Small-scale decentralized and sustainable municipal solid waste management potential for Bangalore anchored around total recycle and biomethanation plants
H.N. Chanakya1,*             Shwetmala1             T.V. Ramachandra1,2

Total Recycling – the RMV-II Model

RMV extension stage II, of Bangalore is a high income group area with a mixture of residential building and few small shops.  BBMP is managing the MSW at this locality. The ward councillor was greatly interested in improving waste management system as it will give him political visibility, and at least one of the waste entrepreneurs also has political ambitions.  Some of the families were aware of waste and its environmental impacts, so they were very keen to start a proper management of waste and to make their ward as the first zero waste emission ward of Bangalore.  A 60 days project was started by NGO ‘Exnora Green Cross’ for 320 families of this locality.  The project aimed to establish a SWM system in the whole area later on.  The system would include primary collection with some gradually increasing source segregation (into organic and inorganic waste), storage and disposal of different types of solid waste in an environmentally friendly manner.  Waste was collected twice in a day, but evening collection was very poor since most of the families would refuse to contribute to the evening waste collection.  The central components of the whole system were the twice collection and separation of waste into reusable /recyclables (to be sold) and the composting of organic waste.  Trained waste collectors were appointed for door-to-door collection and for waste segregation.  Residents were motivated to store and hand over separated household garbage twice in a day.  Initially only 25 houses hand over segregated household waste, but within 10-15 days the number of house became almost double.   Everyday on an average around 2.6 kg fermentable wastes were coming from each of the families.  The fermentables (including food waste and garden wastes) were composted on raised platforms to ensure better aeration and lower smell.  This took about two months to convert these fermentables into compost.  With the progress of time number of composting beds was increased which had also increased the associated problems like smell and flies.  Although these problems were under kept to a minimum, the announcing of elections gave rise to political dissent and on the grounds of smell and the effort was to be stopped at least temporarily.  After 21 days this project was stopped by ward councillor fearing loss of his re-election prospects.  However, meticulous data has been collected as to the types and quantities of recyclables that were brought to this site.  As these were segregated and kept ready for sales, it gave an excellent record of the market value of the recyclables that were recovered (Table 5).   Based on this project information, economic costs are calculated for decentralized waste management with compost plant as given in Table 5.  Under the existing scenario, we calculate that with compost as the main product and in an enterprise mode and under conditions reigning in Bangalore the cost recovery period would be in the range of 4 years (Table 6, assuming 100% recycling).  This is however up to plan and may not be achieved easily.  However, when the recycling and recovery efficiency drops to 80% the project is in viable.  An additional source of revenue needs to be identified to make the project economic.  We then examine the conversion of the fermentables to biogas and expect that sale of biogas locally would offset the financial deficit projected here.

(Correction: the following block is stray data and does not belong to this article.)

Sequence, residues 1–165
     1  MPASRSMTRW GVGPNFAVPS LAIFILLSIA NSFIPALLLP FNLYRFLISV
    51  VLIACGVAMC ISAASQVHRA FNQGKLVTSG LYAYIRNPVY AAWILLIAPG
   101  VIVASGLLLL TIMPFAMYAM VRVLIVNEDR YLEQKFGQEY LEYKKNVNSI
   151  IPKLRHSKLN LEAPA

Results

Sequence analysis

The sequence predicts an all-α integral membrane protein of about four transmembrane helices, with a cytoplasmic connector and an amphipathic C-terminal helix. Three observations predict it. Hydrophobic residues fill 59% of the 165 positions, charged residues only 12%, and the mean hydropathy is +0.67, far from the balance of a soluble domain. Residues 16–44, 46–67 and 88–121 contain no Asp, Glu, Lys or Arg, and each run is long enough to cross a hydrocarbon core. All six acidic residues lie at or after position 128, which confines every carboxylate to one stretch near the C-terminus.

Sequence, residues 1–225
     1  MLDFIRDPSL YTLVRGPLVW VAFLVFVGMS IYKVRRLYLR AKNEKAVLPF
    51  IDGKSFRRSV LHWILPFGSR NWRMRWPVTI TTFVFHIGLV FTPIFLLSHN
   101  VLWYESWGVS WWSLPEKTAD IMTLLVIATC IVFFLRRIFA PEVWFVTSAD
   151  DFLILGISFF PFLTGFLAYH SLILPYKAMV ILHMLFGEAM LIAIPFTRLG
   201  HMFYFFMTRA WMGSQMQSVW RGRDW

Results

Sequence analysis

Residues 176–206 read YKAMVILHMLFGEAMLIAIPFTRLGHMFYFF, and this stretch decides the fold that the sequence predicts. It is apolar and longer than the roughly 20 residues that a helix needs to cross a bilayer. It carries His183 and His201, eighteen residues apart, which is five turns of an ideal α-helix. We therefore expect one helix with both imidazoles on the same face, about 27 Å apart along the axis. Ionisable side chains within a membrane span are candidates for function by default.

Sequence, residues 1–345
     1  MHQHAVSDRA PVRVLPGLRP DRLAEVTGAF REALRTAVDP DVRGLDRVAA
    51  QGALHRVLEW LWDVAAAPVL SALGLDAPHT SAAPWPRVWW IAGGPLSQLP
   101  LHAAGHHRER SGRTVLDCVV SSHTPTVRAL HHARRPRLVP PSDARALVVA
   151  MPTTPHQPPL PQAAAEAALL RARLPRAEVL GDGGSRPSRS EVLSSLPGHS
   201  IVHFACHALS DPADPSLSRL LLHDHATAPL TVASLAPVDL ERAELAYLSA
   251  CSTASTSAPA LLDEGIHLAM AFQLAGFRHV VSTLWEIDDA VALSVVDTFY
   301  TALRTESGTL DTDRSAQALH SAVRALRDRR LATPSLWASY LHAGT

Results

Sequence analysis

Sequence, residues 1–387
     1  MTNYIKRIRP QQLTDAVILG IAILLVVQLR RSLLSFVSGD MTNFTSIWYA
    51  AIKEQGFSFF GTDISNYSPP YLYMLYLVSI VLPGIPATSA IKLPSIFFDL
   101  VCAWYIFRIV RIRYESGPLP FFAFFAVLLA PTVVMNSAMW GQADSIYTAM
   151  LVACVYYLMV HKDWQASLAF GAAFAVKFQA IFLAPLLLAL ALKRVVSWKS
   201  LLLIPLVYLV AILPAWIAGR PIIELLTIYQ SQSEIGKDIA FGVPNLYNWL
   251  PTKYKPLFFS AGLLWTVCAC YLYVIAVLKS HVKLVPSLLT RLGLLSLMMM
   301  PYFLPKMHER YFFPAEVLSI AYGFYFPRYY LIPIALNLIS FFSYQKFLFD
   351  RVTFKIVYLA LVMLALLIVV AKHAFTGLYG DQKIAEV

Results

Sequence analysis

*Corresponding Author :
Dr. H N Chanakya,
Centre for Sustainable Technologies, Indian Institute of Science,
Bangalore, India.
Ph: +91-080-22933046
E-mail   |   Sahyadri   |   ENVIS   |   GRASS   |   Energy   |   CES   |   CST   |   CiSTUP   |   IISc   |   E-mail